• inmycorner says:

        How interesting – bioinformatician – sounds too close to math for me though. Grin. I am so grateful to you and to all those who have dedicated their time to cancer research – where would I be without you?? I wonder if there is something that you would be interested in reading in particular about my journey with cancer that may be helpful to your research?

      • pepesapam says:

        its more close to computer…but we do have math,physics,chemistry, short all the science..
        Stacey, i am an amateur in this matter, just learning day by day. so many scientists are working on it, still we have not found a single medicine which cure all the cancers.Its a sad part from our research side, may be someday i will contribute something to it..
        thanks a lot Stacey, your strong spirit in your journey is what i need, as it makes me to work harder towards my goal, to help you people in future.:-)

      • inmycorner says:

        Even computer – I stand in awe of you – I struggle through the blog technology only – hence the simplicity of my posts. How very exciting to have a day when you can “learn”. I love teaching because of that — and your work is sooo meaningful for so many. THat cancer has so many sides at least allows us to get to know so much more. I am so glad you are propelled by my posts — I am propelled by your research and work. Symbiotic, eh? You are wonderful – I wish you strong spirit too!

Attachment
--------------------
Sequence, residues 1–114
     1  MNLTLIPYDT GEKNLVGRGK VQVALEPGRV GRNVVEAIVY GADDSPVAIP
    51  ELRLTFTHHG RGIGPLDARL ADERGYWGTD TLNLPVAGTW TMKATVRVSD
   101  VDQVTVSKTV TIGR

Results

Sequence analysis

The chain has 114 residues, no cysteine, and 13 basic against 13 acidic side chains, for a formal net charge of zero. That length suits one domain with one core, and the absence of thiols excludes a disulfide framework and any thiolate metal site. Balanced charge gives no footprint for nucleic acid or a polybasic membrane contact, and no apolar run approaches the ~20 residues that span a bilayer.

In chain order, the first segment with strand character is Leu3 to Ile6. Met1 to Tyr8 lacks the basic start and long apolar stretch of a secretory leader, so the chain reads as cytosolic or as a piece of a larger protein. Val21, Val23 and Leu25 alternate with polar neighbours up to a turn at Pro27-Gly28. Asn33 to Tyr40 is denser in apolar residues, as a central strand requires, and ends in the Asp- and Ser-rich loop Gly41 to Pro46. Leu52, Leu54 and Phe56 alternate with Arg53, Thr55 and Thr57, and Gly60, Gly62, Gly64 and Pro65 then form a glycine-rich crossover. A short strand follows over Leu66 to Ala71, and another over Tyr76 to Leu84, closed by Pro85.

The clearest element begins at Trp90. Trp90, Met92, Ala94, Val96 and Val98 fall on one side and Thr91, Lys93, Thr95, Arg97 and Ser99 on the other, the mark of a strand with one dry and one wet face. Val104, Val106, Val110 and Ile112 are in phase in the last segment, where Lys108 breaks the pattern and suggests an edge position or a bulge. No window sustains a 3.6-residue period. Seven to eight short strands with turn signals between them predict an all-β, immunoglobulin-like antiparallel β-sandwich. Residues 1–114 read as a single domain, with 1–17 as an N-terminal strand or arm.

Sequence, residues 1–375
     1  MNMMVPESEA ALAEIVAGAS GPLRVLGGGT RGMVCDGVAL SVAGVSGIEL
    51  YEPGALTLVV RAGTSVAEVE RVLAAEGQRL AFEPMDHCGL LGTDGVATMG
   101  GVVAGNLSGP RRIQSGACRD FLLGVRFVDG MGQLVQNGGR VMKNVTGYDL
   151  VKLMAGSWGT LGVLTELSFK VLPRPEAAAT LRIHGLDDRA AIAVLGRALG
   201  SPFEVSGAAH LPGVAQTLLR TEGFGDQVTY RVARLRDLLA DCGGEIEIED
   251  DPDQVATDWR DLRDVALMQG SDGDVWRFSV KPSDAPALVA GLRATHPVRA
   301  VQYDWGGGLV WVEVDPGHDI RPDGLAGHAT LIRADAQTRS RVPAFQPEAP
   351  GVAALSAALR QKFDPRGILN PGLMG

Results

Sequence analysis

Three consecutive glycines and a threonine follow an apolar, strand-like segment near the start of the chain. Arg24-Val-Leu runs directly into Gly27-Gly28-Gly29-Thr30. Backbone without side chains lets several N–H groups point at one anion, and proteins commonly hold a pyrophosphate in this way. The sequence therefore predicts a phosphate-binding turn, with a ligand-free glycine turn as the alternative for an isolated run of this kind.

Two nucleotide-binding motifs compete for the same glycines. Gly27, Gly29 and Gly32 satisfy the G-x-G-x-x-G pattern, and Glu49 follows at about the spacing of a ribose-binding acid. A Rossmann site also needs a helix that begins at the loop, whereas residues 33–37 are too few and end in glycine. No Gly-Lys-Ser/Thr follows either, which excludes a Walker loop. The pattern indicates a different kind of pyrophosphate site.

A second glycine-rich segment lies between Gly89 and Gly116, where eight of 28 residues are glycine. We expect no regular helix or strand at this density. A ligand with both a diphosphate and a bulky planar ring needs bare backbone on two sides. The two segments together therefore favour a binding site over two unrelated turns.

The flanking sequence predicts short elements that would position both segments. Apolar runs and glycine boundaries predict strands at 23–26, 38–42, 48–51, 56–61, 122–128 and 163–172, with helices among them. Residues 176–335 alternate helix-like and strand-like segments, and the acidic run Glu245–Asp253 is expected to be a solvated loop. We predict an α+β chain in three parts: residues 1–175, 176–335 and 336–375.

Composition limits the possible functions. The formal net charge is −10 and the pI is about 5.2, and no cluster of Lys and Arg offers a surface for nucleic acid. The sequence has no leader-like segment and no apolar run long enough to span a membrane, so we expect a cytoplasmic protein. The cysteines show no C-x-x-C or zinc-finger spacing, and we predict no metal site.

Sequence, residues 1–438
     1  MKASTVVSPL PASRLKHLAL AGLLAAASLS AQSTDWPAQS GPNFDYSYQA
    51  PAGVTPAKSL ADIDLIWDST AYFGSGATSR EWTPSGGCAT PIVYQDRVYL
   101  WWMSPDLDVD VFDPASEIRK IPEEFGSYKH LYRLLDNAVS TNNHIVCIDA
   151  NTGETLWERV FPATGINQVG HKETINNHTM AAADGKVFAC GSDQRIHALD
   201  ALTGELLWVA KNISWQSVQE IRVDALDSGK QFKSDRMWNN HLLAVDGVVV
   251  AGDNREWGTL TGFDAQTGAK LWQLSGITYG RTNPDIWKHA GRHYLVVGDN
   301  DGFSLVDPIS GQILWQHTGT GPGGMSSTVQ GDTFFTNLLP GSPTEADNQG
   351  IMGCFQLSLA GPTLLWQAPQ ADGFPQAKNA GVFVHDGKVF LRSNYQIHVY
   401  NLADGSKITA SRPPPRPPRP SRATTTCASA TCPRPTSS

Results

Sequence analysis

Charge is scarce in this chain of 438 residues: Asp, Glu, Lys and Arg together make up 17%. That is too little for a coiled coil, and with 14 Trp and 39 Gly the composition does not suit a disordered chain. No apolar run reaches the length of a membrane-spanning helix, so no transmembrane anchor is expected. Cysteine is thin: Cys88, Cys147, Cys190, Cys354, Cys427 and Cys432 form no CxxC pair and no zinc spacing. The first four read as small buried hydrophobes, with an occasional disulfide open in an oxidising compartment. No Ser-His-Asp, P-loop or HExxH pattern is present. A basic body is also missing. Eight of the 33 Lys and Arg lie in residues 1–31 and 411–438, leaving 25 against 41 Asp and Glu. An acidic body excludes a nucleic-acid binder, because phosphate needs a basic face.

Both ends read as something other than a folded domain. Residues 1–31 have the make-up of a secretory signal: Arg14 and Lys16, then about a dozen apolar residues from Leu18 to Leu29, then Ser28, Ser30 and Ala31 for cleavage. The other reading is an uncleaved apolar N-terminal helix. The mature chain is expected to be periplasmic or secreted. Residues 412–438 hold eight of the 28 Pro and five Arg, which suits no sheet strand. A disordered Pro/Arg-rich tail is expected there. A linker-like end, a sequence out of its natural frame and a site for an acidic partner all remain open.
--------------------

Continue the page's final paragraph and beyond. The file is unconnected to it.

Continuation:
• pepesapam says:

        yes, learning is one of the best thing, and its more fun when we have good teachers around us. So all credit goes to those wonderful teachers who answers to our curious mind
        I guess we can say are symbiotic, after all we are ‘social animal’. and thanks again for the strong spirit 🙂

  5. Janine Baines says:

    Thank you Stacey. For allowing me to be part of your recovery. Love you. Xoxo. I sometimes wonder why I read your posts. They often bring me to tears such as this one.

  6. Laurie Lou says:

    So powerful Stacey!
    It sounds like you and your Mom had a wonderful relationship.
    Have you read the book The Shack.
    The author is Wm. Paul Young.
    It was hard to get into but I was so glad I read it as it has helped me with my Dad’s death.
    It’s a very different perspective on Heaven and really delightful!

    • inmycorner says:

      I have not read that book – but am very interested in doing so – will definitely take a peek for it at Chapters. Thank-you. And we did – we fought a lot too – and drove each other crazy – that was part of our love for one another. Thank-you for your comment.